21. Mr Schwenk also asserted the Judge had erred in law in relation to her findings concerning the appellant's contact with his family in Iran at [48 (d)]. In this paragraph the Judge found very little reference to the appellant's wife in the papers, the appellant claiming in his initial interview that his wife and child had gone into hiding, in his Asylum Interview that he knew this as he had been told by another, which the Judge found to be a reference to the appellant's uncle for credible reasons, although the Judge also records the appellant also claiming at the hearing that he did not mean his uncle told him his wife was in hiding, but that a friend had told him, despite the previous reference identified by the Judge to the uncle. The Judge was clearly cautious about holding this issue against the appellant, noting there was reference to the friend S throughout the evidence and that the appellant could simply have made a mistake, although the Judge did not accept this was the situation when analysing other aspects of the evidence as referred to in the decision.
22. The Judge did not find it credible that the appellant who had been in contact with a friend, his own mother, and an uncle in Iran, via the Internet, had had no contact with his wife or his son. The finding of the Judge who had the benefit of considering not only the documentary evidence but also seeing and hearing the appellant gave oral evidence that on this issue, and who found the appellant was being "deliberately evasive", has not been shown to be a finding outside the range of those available to the Judge on the evidence.
23. It is not made out the Judge misunderstood the evidence given in relation to this issue. For even if the appellant's wife has no access to the Internet and the appellant cannot afford to pay for data to contact his wife on his mobile phone as claimed, the finding of the Judge that notwithstanding having contact with individuals in Iran the appellant had not made any contact with his wife, even if they had to travel to the property of a friend or his own mother, was not plausibility has not been shown to be a finding outside the range of those available to the Judge on the evidence. The appellant's claim in relation to costs was a matter of which the Judge was clearly aware for which adequate reasons are given for rejecting the appellant's account in relation to his allegation he has not had contact those family members.
24. Mr Schwenk also asserts the Judge engaged in "impermissible speculation" at [48 (e)] when finding that the vehicle driven by the appellant would stand out somewhat in a small village and at [48 (i)] that Daesh would not send a letter to the appellant threatening him, claiming there was no evidence to support either of the findings, such that they amounted to speculation without which the Judge's conclusions might have been different.
25. Mr Tan, in his response referred to the fact the Judge had available to her a picture of the minibus which the Judge specifically refers to as being a photograph of a large coach type vehicle which she would not normally assume would be referred to as a minibus. The Judge noted that although this is not a photograph of the exact vehicle the appellant claims he drove the appellant accepted the picture resembled the vehicle that he had driven, which he stated was a 17-seater vehicle. There is nothing arguably irrational, speculative, or outside the range of reasonable conclusions in the Judge finding that a vehicle of that size would stand out in a small village environment, especially as it was not from that village. There was no evidence before the Judge or even this tribunal to show that small villages are populated on a regular basis by such vehicles. The Judge's observation that if members of Daesh wanted to go to a village where they would undertake activities that could have the most dire consequences should they be discovered it appears unlikely they would use such a large and conspicuous vehicle has not been shown to be a finding outside the range of those available to the Judge on the evidence.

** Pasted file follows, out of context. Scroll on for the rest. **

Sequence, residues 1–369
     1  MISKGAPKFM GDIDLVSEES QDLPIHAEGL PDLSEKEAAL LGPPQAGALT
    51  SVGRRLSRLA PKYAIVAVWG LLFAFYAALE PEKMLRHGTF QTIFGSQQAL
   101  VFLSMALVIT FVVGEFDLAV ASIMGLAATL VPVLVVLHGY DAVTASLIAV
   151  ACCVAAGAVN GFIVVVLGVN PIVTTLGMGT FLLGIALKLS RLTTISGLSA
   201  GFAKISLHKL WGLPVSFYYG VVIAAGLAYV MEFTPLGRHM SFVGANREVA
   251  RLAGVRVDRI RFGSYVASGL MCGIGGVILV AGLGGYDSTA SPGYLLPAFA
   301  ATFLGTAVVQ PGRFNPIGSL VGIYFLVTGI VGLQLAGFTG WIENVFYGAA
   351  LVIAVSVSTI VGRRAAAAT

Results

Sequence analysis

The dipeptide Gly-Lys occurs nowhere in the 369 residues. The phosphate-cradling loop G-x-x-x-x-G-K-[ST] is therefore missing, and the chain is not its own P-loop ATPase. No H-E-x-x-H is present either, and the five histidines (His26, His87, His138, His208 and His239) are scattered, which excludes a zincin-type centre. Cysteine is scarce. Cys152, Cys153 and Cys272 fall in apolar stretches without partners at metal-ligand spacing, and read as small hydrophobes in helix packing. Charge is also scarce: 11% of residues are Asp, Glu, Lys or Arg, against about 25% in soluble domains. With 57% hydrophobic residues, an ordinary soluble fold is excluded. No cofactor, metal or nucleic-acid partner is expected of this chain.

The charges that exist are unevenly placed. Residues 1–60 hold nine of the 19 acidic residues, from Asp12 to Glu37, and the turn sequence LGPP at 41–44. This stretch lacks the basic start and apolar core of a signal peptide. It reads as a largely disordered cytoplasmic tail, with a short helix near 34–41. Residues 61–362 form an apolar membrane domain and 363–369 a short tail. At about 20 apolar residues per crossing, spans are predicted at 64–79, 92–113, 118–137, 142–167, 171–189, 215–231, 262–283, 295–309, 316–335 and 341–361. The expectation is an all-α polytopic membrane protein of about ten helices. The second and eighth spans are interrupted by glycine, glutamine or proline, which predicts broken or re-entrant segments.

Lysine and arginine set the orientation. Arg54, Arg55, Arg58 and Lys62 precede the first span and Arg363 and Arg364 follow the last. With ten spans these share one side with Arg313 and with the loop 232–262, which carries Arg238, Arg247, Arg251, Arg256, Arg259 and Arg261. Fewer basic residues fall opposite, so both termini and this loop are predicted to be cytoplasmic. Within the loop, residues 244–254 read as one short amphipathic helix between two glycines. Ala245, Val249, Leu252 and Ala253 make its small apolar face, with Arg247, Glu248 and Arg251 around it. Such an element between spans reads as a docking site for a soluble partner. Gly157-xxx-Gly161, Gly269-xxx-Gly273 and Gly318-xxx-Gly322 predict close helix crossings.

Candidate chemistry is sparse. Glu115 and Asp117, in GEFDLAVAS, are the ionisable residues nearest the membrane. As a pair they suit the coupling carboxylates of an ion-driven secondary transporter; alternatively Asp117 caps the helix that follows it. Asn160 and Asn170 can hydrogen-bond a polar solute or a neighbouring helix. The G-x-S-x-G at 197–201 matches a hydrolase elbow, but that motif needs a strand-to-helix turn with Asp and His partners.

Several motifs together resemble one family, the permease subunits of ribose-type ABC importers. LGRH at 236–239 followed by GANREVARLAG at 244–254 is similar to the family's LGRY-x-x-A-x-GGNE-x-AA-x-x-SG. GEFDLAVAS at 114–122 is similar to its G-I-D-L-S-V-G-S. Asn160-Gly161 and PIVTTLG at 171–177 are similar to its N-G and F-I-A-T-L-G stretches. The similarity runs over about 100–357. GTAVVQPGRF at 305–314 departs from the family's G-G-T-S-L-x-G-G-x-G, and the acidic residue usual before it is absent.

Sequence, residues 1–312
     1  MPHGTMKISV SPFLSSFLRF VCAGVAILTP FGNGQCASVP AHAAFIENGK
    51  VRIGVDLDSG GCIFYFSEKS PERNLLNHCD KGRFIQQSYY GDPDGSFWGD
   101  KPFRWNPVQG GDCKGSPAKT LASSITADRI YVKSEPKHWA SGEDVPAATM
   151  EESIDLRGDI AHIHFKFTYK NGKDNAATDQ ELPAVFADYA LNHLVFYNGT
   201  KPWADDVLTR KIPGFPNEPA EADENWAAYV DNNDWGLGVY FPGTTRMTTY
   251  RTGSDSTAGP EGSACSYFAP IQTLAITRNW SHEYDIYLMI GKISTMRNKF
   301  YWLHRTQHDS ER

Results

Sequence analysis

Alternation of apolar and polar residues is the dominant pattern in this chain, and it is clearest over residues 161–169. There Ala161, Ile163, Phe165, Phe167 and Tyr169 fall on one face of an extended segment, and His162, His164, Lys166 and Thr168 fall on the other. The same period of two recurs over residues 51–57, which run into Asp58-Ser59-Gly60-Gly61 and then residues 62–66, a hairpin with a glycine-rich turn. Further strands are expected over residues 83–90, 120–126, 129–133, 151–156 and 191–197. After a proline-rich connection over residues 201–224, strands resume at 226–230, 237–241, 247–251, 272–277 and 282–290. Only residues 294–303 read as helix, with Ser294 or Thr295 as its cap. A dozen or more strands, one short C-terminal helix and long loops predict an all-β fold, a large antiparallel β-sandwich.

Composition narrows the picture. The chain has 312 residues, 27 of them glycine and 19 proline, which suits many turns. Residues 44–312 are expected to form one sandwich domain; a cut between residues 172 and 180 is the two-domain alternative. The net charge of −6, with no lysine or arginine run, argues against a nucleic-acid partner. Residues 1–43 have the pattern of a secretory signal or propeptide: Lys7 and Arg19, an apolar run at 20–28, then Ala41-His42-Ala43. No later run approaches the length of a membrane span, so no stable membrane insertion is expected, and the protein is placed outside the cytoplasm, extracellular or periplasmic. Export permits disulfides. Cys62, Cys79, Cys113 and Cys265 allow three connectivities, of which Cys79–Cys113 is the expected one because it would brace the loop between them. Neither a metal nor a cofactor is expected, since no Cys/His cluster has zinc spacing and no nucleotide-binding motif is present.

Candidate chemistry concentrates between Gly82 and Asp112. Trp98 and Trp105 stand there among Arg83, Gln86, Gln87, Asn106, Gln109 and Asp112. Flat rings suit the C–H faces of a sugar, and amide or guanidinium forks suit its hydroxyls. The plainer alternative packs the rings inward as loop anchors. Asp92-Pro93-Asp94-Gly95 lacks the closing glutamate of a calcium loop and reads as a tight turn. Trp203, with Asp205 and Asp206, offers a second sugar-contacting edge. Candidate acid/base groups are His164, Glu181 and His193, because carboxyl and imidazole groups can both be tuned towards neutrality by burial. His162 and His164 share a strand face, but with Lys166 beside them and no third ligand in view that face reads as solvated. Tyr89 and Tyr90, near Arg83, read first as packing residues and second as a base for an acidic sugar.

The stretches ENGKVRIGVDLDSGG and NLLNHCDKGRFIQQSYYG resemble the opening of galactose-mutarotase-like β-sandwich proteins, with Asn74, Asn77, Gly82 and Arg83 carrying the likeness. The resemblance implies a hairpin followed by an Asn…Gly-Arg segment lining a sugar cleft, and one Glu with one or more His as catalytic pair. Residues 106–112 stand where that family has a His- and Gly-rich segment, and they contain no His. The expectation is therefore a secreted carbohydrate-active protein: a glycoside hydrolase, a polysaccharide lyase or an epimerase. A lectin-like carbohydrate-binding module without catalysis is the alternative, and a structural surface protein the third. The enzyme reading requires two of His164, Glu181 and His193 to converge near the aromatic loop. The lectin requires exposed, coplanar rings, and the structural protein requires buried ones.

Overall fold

26. In relation to the letter, at [48(i)] the Judge noted it was part of the appellant's claim that when he was in Turkey a letter was sent to his home containing threats to him, as noted above, but the finding of the Judge that there was a local connection between the appellant and those who had allegedly been arrested, which would make it known that he had left Iran, and that as a terrorist organisation it was not credible that such a letter would have been sent in the first place, has not been shown to be an arguably rational finding. The modus operandi of Daesh (ISIS) is well known as much has been written in the public domain and in country reports of the brutal nature of this organisation who detain, behead, and seriously ill treat those who come to their adverse attention. The Judge is an experienced Judge of the First-tier Tribunal who would have judicial knowledge of the way in which this organisation acts. It is not to made out the Judge's findings are infected by legal error on the basis of impermissible speculation. There was no country information or other such evidence adduced by the appellant to support his claim such as to establish legal error.